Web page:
Dmitriy V. Ryaboy commented on GIRAPH-37:

Ok emailed Marius Eriksen (Finagle lead, among other things), and here's his 
feedback so far:

that's great! (that they're doing this). would be happy to help in any way to 
make it work.

> 1) why a custom thrift compiler? makes distribution of code hard, have
> to make devs install that

this sucks, but it sadly necessary (unless we can get our work integrated with 
the standard thrift stack). we do require custom codegen in order to interface 
with the finagle thrift codec.

we now actually have our own entirely-in-JVM codegenerator, that parses thrift 
IDL, etc.-- so at the very least we'll have something portable that also 
shouldn't require any installation-- presumably the various build systems can 
download them as a build-only dependency, etc. we're using this internally for 
a few projects already, but still working out how to widely distribute it.

> 2) gigantic hard to understand stack traces

that's mostly a fact of life, sadly. i mean, with any asynchronous system you 
have much less context in your stack traces generally, but with proliferation 
of anonymous closures in the finagle codebase, it's often made even worse.

a few things here: (1) as of 1.9.3 (i notice this patch uses 1.9.0) stacks are 
now unwound per responder per thread. this means roughly the stacks you observe 
will ever only be one callback deep. now this might be even worse in terms of 
debugging, but it does produce cleaner/smaller stack traces.

debuggability is a big concern (both for finagle, and for general use of 
Futures). one interesting difference between asynchronous systems and 
synchronous ones is that stack traces don't tell the story, or may tell only 
part of the story. really what you want is a dispatch *graph*. we have a 
mechanism in twitter futures (called Locals-- they're like thread locals but 
instead they're local to the dispatch graph) where can record dispatches. this 
would now give us our graph. a little weird, maybe, but certainly something 
that would be very helpful in many circumstances. i'm still toying around with 
how to expose them (eg. we could synthesize stacks that's really a topological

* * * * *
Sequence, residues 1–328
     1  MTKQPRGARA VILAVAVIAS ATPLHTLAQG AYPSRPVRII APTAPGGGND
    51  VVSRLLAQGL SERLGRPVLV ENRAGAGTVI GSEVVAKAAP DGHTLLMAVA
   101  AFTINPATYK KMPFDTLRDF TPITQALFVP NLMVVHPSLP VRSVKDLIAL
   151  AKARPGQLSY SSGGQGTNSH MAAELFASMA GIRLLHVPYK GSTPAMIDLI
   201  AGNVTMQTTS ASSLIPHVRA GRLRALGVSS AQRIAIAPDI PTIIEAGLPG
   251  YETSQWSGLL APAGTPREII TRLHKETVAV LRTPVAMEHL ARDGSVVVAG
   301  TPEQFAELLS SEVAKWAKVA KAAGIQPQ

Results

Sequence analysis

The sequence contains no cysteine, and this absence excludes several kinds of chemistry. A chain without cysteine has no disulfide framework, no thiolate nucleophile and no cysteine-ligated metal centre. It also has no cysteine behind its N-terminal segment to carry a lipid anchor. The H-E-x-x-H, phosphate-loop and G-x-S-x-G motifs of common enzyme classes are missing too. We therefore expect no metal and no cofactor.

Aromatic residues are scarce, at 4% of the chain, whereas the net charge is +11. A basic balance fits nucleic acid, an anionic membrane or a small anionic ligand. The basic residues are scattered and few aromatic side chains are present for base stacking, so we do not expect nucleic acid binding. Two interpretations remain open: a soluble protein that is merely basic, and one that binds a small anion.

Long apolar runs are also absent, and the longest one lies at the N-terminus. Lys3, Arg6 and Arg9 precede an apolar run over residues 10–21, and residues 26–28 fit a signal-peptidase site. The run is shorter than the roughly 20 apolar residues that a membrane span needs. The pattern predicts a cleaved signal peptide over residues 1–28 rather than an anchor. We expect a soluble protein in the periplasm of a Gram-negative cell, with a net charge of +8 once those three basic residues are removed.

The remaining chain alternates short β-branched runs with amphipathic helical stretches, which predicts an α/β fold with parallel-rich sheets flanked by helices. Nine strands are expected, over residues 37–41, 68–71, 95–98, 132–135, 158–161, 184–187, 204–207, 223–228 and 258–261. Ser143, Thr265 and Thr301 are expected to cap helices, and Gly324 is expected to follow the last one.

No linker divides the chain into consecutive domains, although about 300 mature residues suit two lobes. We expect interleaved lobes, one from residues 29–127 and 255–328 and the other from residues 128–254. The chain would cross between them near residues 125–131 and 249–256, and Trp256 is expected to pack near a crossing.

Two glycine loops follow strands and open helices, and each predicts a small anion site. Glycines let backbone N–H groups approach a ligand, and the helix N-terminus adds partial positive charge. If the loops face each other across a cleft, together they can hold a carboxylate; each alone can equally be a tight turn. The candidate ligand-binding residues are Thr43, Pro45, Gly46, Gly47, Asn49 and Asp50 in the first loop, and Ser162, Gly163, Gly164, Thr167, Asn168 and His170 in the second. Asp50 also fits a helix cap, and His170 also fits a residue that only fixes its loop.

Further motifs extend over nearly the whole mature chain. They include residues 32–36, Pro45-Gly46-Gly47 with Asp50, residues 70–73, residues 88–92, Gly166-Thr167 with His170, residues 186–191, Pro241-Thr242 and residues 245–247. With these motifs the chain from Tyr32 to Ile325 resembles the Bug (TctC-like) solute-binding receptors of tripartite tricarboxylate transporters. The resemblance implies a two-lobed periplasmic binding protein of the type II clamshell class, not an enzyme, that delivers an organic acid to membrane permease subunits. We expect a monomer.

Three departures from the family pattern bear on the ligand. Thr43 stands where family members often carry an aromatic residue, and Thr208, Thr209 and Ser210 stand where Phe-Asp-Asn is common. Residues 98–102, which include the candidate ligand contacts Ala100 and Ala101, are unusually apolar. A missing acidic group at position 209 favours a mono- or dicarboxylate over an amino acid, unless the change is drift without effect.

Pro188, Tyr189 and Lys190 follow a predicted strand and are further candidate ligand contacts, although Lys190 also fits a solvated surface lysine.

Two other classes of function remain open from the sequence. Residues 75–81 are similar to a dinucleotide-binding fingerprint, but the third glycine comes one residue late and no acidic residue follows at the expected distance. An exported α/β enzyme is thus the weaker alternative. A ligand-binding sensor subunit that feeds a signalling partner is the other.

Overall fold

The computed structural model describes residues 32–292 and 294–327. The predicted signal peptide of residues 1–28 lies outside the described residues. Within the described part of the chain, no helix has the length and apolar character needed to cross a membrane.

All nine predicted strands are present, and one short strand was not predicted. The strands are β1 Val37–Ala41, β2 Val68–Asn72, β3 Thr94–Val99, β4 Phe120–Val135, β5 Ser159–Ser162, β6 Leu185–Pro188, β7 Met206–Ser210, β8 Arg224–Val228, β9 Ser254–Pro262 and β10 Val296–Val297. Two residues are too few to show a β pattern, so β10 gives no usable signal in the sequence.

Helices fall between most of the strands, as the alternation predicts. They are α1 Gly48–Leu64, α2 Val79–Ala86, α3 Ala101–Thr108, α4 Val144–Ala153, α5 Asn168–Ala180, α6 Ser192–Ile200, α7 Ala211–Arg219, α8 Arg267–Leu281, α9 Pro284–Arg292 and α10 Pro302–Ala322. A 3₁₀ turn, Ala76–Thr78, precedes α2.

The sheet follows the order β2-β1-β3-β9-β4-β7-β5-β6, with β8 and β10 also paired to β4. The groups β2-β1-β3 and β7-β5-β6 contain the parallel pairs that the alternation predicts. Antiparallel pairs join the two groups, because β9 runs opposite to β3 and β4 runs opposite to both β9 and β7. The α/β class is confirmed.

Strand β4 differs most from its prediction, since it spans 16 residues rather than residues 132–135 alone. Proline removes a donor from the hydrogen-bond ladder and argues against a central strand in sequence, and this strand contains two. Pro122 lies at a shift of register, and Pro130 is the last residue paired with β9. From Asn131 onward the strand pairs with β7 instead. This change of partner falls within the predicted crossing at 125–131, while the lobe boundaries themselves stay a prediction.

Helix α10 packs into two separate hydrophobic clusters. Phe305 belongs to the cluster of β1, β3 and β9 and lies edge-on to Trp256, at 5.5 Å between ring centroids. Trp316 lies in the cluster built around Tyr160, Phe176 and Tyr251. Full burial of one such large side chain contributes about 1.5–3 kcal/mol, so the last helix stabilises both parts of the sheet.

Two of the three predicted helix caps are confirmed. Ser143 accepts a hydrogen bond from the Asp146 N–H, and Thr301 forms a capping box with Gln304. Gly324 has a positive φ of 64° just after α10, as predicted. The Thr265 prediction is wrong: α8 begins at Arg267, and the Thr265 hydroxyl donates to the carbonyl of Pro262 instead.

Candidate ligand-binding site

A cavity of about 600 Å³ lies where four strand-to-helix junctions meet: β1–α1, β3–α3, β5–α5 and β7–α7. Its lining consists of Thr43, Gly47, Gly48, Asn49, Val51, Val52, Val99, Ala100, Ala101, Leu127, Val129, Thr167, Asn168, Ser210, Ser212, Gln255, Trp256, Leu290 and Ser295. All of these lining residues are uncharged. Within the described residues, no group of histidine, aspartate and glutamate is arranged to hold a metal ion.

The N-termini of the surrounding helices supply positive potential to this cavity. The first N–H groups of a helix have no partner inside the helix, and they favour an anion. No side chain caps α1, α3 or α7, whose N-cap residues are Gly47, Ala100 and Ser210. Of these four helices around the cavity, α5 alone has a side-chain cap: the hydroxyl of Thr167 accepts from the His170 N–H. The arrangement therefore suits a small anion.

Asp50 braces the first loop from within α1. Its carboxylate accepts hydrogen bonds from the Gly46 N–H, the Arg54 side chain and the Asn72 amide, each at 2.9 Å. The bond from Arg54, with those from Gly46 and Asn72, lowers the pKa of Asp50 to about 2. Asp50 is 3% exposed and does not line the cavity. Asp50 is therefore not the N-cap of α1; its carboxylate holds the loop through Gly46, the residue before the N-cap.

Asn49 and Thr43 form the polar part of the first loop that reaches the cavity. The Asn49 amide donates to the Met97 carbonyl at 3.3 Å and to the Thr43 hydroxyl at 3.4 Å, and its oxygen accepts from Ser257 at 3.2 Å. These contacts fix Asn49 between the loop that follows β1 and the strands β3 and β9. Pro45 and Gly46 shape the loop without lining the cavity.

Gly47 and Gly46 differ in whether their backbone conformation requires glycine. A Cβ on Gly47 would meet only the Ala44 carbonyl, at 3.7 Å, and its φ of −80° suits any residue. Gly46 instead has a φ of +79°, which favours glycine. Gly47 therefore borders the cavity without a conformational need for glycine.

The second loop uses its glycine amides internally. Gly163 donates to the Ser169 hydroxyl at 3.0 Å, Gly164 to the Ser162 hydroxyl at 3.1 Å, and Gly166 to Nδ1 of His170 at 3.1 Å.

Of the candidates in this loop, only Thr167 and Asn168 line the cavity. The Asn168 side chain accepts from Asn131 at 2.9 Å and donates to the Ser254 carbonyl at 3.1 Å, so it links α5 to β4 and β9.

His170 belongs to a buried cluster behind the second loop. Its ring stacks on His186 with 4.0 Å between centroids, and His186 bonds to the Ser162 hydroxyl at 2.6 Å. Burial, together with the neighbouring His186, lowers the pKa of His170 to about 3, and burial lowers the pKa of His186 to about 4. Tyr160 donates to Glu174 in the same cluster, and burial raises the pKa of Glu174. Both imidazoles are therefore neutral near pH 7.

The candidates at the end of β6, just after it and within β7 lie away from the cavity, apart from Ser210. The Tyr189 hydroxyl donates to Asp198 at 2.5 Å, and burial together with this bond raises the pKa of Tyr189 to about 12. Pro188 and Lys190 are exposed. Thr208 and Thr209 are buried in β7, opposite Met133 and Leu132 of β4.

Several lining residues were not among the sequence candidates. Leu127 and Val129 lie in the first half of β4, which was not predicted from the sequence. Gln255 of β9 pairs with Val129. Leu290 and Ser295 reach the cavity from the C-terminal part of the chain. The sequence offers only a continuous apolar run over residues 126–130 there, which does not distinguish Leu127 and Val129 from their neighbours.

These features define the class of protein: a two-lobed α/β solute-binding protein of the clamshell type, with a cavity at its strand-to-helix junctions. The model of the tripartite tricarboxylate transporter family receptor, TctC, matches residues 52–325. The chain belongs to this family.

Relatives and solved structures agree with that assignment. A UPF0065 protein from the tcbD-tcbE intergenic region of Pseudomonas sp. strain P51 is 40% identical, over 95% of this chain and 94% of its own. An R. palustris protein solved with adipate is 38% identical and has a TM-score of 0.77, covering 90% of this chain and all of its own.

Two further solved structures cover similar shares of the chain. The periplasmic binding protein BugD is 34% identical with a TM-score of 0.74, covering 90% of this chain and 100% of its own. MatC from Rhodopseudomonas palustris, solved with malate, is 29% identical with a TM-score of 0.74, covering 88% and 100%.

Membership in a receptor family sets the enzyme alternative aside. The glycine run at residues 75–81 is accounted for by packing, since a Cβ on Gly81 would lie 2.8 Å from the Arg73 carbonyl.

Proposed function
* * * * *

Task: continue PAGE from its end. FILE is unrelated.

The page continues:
sort of the dispatch graph in all exceptions encoded by finagleā€¦)

> 3) some stability issues, apparently

i looked at his patch briefly.  this part is suspect (the fact that he throws 
in a callback).

+    @Override
+    public void onFailure(Throwable cause) {
+      cdl.countDown();
+      throw new RuntimeException("Hit exception in proxied call", cause);
+    }
and would cause that exception to be thrown. it's actually harmless in terms of 
functionality, but it will report the wrong underlying reason.

none of the user provided handlers should throw exceptions. at the same time, 
the fact that it's reported as "result set multiple times" may indicate a bug 
somewhere. i'm going to look into that probably by ~wed or so (my schedule is 
pretty filled up until then).

it's difficult to debug what's going on there (2/3s successful runs) without 
getting some stats out of the system, and/or diving deeper into the code. it 
sounds like perhaps the client isn't tuned properly for the particular use case.

anyhow. in my experience, almost *all* debugging of these sorts of systems can 
be done by looking at the client/server stats. and finagle exports a rich set 
of stats for both.

use the .reportTo() method in the builder to report to either ostrich or 
science/commons stats, or provide your own StatsReceiver.

> Implement Netty-backed rpc solution
> -----------------------------------
>                 Key: GIRAPH-37
>                 URL: https://issues.apache.org/jira/browse/GIRAPH-37
>             Project: Giraph
>          Issue Type: New Feature
>            Reporter: Jakob Homan
>            Assignee: Jakob Homan
>         Attachments: GIRAPH-37-wip.patch
> GIRAPH-12 considered replacing the current Hadoop based rpc method with 
> Netty, but didn't went in another direction. I think there is still value in 
> this approach, and will also look at Finagle.

This message is automatically generated by JIRA.
If you think it was sent incorrectly, please contact your JIRA administrators: 
For more information on JIRA, see: http://www.atlassian.com/software/jira

Reply via email to